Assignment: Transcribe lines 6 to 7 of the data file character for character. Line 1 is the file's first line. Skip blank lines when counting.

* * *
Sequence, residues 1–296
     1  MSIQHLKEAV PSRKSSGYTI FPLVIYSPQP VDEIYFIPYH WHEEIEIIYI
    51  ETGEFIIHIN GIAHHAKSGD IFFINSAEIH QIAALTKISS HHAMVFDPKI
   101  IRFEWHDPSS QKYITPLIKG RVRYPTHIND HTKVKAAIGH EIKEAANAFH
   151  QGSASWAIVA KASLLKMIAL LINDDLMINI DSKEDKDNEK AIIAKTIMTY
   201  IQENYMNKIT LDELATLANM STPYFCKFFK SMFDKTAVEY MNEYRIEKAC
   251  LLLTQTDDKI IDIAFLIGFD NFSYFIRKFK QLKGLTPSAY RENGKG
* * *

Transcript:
   201  IQENYMNKIT LDELATLANM STPYFCKFFK SMFDKTAVEY MNEYRIEKAC
   251  LLLTQTDDKI IDIAFLIGFD NFSYFIRKFK QLKGLTPSAY RENGKG